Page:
|Orthacanthus senckenbergianus life reconstruction by Christopher DiPiazza.|
Orthacanthus doesn't really look like many sharks alive today. Its body was much longer and more slender and it had a shallow, rounded dorsal fin running from the back of its head all the way down to the base of its tail instead of the famous triangle fin we commonly associate with sharks. These physical characteristics gave it the appearance of an eel more than anything else but it was a true shark nonetheless. It also sported a long spike growing up from the base of its skull which may have been a defensive weapon against larger predators. It is this spike that gives the shark its name which translates to "Vertical Spike". There are actually several kinds of living sharks that have spikes, too but all of theirs grow from the base of the dorsal fin, not the skull. Orthacanthus's teeth grew in pairs or "twins". This means that there were two pointy teeth coming out of one root.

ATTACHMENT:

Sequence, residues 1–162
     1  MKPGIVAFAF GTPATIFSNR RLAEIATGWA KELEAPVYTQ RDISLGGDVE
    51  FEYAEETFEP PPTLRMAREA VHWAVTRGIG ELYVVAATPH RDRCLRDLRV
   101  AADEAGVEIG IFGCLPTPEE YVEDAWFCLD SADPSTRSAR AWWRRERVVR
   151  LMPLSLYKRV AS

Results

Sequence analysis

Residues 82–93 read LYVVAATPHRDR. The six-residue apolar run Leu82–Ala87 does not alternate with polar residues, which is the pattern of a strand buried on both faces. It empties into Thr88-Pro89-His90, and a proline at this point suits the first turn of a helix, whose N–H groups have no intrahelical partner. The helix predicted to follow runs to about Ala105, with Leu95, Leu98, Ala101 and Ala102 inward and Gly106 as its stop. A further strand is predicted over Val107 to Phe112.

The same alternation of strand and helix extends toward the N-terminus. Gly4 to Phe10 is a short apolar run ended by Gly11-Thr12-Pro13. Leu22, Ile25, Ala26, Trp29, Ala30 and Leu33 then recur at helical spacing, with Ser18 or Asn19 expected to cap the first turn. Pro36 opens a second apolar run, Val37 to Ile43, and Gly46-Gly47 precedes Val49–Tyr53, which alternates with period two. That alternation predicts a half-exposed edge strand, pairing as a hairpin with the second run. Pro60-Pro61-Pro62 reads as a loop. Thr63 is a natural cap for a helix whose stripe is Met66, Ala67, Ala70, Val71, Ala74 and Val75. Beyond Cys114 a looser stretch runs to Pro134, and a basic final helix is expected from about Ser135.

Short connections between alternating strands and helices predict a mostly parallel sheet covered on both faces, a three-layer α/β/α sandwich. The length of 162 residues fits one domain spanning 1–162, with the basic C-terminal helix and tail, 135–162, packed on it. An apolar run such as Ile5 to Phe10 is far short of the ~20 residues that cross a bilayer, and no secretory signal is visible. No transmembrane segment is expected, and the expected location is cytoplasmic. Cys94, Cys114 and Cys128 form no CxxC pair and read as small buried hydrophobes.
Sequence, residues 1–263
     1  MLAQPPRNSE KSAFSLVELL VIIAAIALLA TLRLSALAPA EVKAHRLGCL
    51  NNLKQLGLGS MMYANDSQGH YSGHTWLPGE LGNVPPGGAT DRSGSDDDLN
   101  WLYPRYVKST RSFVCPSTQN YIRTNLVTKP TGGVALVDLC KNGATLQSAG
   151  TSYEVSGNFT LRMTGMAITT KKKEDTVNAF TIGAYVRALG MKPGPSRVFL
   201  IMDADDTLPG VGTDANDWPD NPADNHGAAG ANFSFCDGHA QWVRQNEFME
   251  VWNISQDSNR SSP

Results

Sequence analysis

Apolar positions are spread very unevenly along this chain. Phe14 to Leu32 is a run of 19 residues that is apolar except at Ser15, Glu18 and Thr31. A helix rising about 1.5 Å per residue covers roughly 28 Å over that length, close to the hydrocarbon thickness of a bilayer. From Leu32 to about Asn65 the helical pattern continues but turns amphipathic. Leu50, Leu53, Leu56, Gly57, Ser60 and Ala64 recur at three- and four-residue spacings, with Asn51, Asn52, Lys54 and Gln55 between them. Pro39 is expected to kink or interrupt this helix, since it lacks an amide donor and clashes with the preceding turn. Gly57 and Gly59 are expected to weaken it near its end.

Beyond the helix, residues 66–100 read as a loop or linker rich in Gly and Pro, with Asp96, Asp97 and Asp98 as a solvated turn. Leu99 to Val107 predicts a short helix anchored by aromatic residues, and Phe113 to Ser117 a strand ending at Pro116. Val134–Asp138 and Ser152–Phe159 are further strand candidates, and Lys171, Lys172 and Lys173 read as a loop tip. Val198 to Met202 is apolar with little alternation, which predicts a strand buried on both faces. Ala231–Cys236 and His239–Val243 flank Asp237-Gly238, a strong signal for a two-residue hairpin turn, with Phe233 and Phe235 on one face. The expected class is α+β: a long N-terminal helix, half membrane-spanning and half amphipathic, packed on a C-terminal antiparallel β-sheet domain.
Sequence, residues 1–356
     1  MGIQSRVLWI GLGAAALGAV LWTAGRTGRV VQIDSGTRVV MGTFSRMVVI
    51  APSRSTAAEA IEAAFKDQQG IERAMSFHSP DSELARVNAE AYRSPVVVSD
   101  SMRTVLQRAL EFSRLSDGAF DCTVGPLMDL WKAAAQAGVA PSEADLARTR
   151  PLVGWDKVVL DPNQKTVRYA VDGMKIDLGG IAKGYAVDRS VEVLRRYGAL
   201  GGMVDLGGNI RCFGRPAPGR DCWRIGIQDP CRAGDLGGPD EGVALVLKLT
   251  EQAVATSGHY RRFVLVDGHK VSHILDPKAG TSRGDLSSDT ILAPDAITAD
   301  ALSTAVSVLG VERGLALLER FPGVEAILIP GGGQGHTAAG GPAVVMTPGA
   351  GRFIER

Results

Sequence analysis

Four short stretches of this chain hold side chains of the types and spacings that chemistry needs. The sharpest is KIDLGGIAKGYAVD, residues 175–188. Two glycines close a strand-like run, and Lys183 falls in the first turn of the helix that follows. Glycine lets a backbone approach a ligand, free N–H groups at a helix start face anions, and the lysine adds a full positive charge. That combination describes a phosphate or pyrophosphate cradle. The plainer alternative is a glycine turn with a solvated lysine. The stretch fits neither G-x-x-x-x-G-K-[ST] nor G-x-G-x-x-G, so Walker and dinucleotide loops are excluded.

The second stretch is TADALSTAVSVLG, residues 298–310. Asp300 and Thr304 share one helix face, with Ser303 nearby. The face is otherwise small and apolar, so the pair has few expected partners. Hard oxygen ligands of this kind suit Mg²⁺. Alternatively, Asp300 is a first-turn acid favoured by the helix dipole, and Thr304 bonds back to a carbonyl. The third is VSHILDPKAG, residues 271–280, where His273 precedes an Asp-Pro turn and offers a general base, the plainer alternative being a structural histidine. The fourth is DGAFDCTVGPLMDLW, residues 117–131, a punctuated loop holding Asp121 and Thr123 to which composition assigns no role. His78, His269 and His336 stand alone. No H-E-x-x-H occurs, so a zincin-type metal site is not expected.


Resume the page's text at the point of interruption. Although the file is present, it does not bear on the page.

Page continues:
When alive Orthacanthus likely was an opportunistic predator and probably hunted the many kinds of other fish as well as amphibians it shared its shallow freshwater environment with. It may also have periodically encountered the giant mammal-like reptile, Dimetrodon, which could have preyed upon it.
|Orthacanthus tooth that shows the twin...wait no sorry this one has three. The triplet style tooth. Sharks always go above and beyond when it comes to teeth evolution.|
That's all for this week! Remember, just because Shark Week is done doesn't mean you can't still be shark crazy the rest of the year! As always feel free to comment below and on facebook!
D. Heyler and C. Poplin. 1989. Systematics and relationships among the Xenacanthiformes (Pisces, Chondrichthyes) in the light of Carboniferous and Permian French materal. Acta Musei Reginaehradecensis S. A.: Scientiae Naturales 22:69-78